Skip to main content

Effect of paleopolyploidy and allopolyploidy on gene expression in banana



Bananas (Musa spp.) are an important crop worldwide. Most modern cultivars resulted from a complex polyploidization history that comprised three whole genome duplications (WGDs) shaping the haploid Musa genome, followed by inter- and intra-specific crosses between Musa acuminata and M. balbisiana (A and B genome, respectively). Unresolved hybridizations finally led to banana diversification into several autotriploid (AAA) and allotriploid cultivars (AAB and ABB). Using transcriptomic data, we investigated the impact of the genome structure on gene expression patterns in roots of 12 different triploid genotypes covering AAA, AAB and ABB subgenome constitutions.


We demonstrate that (i) there are different genome structures, (ii) expression patterns go beyond the predicted genomic groups, and (iii) the proportion of the B genome influences the gene expression.

The presence of the B genome is associated with a higher expression of genes involved in flavonoid biosynthesis, fatty acid metabolism, amino sugar and nucleotide sugar metabolism and oxidative phosphorylation. There are cultivar-specific chromosome regions with biased B:A gene expression ratios that demonstrate homoeologous exchanges (HE) between A and B sub-genomes. In two cultivars, aneuploidy was detected. We identified 3674 genes with a different expression level between allotriploid and autotriploid with ~ 57% having recently duplicated copies (paralogous). We propose a Paralog Inclusive Expression (PIE) analysis that appears to be suitable for genomes still in a downsizing and fractionation process following whole genome duplications. Our approach allows highlighting the genes with a maximum likelihood to affect the plant phenotype.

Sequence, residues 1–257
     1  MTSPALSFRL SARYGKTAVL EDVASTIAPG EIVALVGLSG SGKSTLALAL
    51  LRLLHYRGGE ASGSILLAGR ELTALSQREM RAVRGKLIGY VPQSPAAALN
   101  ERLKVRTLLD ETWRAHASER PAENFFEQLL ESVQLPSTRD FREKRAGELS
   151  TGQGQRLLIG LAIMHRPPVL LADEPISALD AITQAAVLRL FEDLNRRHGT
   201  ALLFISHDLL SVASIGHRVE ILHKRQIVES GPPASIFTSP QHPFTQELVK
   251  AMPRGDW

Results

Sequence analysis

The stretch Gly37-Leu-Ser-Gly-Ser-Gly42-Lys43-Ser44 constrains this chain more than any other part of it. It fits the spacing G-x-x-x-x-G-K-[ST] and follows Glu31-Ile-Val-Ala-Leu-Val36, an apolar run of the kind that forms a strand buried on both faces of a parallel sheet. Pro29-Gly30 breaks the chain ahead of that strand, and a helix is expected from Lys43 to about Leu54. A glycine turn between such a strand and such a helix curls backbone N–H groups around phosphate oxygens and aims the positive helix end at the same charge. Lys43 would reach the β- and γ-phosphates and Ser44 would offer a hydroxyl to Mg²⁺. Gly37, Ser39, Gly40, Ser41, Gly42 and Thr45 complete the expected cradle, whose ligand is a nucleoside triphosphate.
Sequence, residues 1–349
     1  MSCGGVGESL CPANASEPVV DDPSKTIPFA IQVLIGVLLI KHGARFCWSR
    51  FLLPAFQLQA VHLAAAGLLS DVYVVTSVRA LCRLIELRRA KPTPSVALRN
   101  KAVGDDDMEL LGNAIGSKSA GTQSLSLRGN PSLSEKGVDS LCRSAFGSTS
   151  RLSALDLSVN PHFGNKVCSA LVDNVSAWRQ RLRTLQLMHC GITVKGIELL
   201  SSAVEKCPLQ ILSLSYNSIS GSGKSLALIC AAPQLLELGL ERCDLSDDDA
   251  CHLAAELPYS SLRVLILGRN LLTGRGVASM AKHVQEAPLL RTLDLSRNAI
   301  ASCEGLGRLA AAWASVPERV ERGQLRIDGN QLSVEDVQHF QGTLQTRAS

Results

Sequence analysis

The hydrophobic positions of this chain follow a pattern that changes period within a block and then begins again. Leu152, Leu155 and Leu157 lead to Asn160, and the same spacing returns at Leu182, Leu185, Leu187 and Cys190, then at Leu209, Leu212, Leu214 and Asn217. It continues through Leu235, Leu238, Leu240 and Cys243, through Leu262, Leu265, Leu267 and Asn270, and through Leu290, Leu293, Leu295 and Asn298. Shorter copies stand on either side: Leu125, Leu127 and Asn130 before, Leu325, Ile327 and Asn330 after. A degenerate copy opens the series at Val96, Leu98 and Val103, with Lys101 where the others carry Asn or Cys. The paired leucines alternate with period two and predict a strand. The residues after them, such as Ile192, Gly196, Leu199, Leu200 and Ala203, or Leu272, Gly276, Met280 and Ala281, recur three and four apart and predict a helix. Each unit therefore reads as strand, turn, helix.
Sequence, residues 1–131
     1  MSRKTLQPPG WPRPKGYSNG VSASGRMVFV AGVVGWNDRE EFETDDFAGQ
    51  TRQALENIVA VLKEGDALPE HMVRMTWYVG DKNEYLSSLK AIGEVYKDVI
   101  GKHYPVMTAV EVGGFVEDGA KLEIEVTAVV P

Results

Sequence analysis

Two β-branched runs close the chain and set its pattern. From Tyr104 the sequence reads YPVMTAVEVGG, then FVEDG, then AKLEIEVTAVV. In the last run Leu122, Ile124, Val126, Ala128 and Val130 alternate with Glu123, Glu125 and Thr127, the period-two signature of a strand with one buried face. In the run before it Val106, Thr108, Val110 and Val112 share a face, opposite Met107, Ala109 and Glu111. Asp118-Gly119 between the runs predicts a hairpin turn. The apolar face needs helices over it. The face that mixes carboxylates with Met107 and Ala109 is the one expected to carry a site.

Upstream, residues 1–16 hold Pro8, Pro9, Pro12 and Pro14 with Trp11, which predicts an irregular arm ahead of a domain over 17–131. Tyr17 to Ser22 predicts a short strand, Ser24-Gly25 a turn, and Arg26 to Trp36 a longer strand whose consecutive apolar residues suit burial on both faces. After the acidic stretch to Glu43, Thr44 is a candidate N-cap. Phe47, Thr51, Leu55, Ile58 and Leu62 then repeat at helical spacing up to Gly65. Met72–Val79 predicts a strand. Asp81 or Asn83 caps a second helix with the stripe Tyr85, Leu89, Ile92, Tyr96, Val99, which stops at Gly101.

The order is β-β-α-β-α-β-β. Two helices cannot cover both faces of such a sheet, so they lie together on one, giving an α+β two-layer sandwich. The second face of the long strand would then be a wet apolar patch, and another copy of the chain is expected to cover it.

This study on banana is a good case to investigate the effects of alloploidy in crops. We conclude that allopolyploidy triggered changes in the genome structure of a crop and it clearly influences the gene.


Bananas (Musa spp.), including dessert and cooking types, are monocotyledonous plants of the Zingiberales, one of the major orders of the Commelinidae clade, also comprising Poales (grasses) and Arecales (palms). Bananas are one of the main fruit crops grown worldwide and are critical for food security in many tropical and subtropical countries.

Banana cultivars, which originated from inter- and intra-specific crosses between Musa acuminata and M. balbisiana (both 2n = 2x = 22), are mainly triploid (2n = 3x = 33), as their genome is composed of three subgenomes, i.e. three sets of 11 chromosomes. Triploidy-induced sterility combined with parthenocarpy resulted in edible fruits without seeds. A first level of cultivar classification is based on the subgenome origin: autotriploid cultivars contain three subgenomes derived from M. acuminata (AAA), whereas allotriploid cultivars contain one or two M. balbisiana-derived subgenomes (AAB and ABB, respectively). Once triploidy is established in combination with sterility, plant propagation becomes exclusively vegetative. Therefore, differentiation caused by mutation and clonal selection by farmers resulted in new cultivars, which all derived from a common foundation event.

The analysis of the M. acuminata reference sequence (A genome) revealed that the ancestral monocot genome underwent three whole genome duplications (WGDs) independent from those that took place in the evolution of other monocot lineages (e.g. Poaceae) [1]. The history of the Musa WGDs was reconstructed by collinearity analysis of duplicated genes which were estimated to comprise one-third of the total number of genes [1, 2], while no genome dominance or biased fractionation was detected [2]. Consequently, the banana genome contains a high number of multigene families with abundant recently originated copies (i.e. paralogs) [1, 3], with the post-WGD gene fractionation process still likely ongoing as in other plant species [4]. The analysis of a draft sequence of M. balbisiana showed that its genome (B genome) has high degree of homology with a nearly identical number of genes and well-conserved gene-rich regions [5]. However, the two species have a different distribution area and have likely evolved, diverging to better fit their respective environment. For example, differences in codon usage have been detected between the two species [6]. These differences could be useful to understand the genomic constitution of allopolyploids banana cultivars.